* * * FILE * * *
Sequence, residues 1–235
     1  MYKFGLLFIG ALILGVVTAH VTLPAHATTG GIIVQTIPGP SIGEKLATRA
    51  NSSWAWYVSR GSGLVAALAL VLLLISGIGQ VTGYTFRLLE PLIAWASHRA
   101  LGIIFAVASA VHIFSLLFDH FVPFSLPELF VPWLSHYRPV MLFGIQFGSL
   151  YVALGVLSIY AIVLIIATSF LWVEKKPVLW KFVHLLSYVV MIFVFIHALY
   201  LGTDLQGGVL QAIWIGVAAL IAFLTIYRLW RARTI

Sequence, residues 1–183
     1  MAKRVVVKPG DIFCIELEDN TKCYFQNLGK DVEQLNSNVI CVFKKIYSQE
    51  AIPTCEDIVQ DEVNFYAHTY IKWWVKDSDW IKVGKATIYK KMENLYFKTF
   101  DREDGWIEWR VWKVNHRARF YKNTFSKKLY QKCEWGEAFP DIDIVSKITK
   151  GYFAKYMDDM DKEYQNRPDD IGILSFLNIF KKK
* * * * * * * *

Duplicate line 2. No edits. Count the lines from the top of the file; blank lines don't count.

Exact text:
     1  MYKFGLLFIG ALILGVVTAH VTLPAHATTG GIIVQTIPGP SIGEKLATRA